25 Factors to Consider When Adopting From India


Click on each factor to learn more. Current as of January, 2017. This information is subject to change; therefore, check with an agency that places from this country for the most current information.

+ Parental Age
Parents must be at least 25 years older than the child. To adopt a child younger than 4 years old, the composite age of the parents must be less than 90 years. To adopt a child between 4 and 8 years old, the composite age of the parents must be less than 100 years. To adopt a child older than 8 years old, the composite age of the parents must be less than 110 years.

+ Divorce
2 divorces per couple

+ Children in Family
Officially up to 4 children, but Central Adoption Resource Authority (CARA) has recently turned down families with four children. Check with an adoption agency for information about your specific situation.

+ Medical Restrictions
Parents should be in good physical, mental and emotional health, and must not have any life-threatening medical conditions.

+ Single Applicant
Single women and men are allowed on a case-by-case basis. Single women may adopt either boys or girls, while single men are only allowed to adopt boys. Single applicants must be at least 25 years older than the child. To adopt a child younger than four years old, the parent must be younger than 45 years old. To adopt a child between 4 and 8 years old, the parent must be younger than 50 years old. To adopt a child older than 8 years old, the parent must be younger than 55 years old.

+ Sexual Orientation
Does not knowingly place with homosexuals

+ Children Available
Healthy children 5 to 15 years old, children with mild to moderate special needs 3 to 6 years old, children with moderate to severe special needs 2 to 15 years old. Sibling groups are occasionally available.

+ Race/Ethnicity
South Asian

+ Gender
Boys and girls; parents may request a gender.

+ Referral Method
Once the dossier is approved and the family is found eligible to adopt, they are placed on a wait list. Non-resident Indians are placed on the same wait list as domestic families. Once the family reaches the top of the list, the Central Adoption Resource Authority (CARA) provides the adoption agency with photos and reports on two children. The family then has 96 hours to make a decision and 30 days to complete the official acceptance paperwork, or they are returned to the bottom of the list. CARA approves the match and issues a Non Objection Certificate, allowing the adoption agency to file an adoption petition with a local court.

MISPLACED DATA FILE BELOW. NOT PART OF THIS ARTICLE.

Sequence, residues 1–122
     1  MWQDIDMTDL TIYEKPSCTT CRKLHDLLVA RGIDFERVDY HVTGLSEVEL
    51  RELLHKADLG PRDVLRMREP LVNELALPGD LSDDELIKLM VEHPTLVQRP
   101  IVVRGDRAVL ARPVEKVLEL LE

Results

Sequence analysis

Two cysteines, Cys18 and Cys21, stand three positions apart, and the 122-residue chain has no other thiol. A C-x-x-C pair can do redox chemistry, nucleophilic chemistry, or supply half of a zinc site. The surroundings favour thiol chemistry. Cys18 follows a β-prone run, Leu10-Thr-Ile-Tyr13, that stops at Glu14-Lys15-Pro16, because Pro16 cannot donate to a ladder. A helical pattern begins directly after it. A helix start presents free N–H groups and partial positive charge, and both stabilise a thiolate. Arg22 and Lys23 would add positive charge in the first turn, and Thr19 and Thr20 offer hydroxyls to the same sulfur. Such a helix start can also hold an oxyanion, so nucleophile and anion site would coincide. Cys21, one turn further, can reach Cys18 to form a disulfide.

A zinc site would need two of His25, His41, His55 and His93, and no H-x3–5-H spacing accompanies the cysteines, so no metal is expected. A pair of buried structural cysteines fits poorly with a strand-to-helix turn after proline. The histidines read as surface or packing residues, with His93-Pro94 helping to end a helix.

+ Travel in Country
1 trip, approximately 10-14 days long. Only one parents is required to travel, but it is strongly recommended that both parents make the trip. Some courts may require a second trip for a brief appearance before a judge and a monetary deposit.

+ Approximate Cost
$21,000 – $25,000 + travel

+ How Children Enter Government Care
Relinquishment or abandonment due to poverty and social stigma and lack of support for single mothers; removal due to neglect or abuse; disease or death of a parent.

+ Prevalence of FASD
Historically drinking during pregnancy is not common and IA doctors report that they are not seeing much evidence of FASD.

+ Adequacy of Medical Reports
Limited; children are tested for HIV/AIDS, Hepatitis B and TB. Generally, children with special needs have more information. Additional information is not always available.

+ Post Adoption Reports
Required at 1, 3, 6, 9, 12, 18 and 24 months.

+ Additional Information

  • India gives first preference to domestic adoption and non-resident Indians families, who receive the youngest and healthiest children. Local adoption has tripled in the last years and domestic families are on wait lists. Non-Indian parents are considered after Indian parents. Families of non-Indian descent are eligible to adopt identified children with special needs through the Waiting International Children (WIC) program.
  • CARA is very strict about age requirements and uses a computer to calculate, based years, months and days, each applicant’s age. If you are near an age cut-off, talk with an adoption agency about your situation.
  • Families must be able to show that they earn above 125% of the national poverty guidelines.
  • Non-Indian applicants must be open to children 4 years and older at time of referral.
  • India has a 47% child malnutrition rate and low birth weight is very common.
  • Requirements vary greatly with each region with judges following their own court rules. Agencies work in specific regions and should be your best guide to the idiosyncrasies of the judges in that region.
  • India has expanded the number of licensed Indian adoption, which helps to increase the number of children for adoption. However, the competency and capacity of the various institutions in India is variable.
  • It is difficult to provide an accurate estimate of the wait time for referrals. CARA now has 10,000 families (mostly domestic Indian families) in the queue. Wait times for referrals for young, healthy children will likely exceed a year, possibly longer. CARA does not disclose wait list positions.
  • The wait for a boy is generally shorter than for a girl, since domestic families prefer to adopt girls.
  • Parents are required to notify CARA when a child adopted from India acquires U.S. citizenship.

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Available from www.CreatingaFamily.org, the national adoption and infertility education and support non-profit. Please do not reprint without giving credit to Creating a Family and a link to the website.

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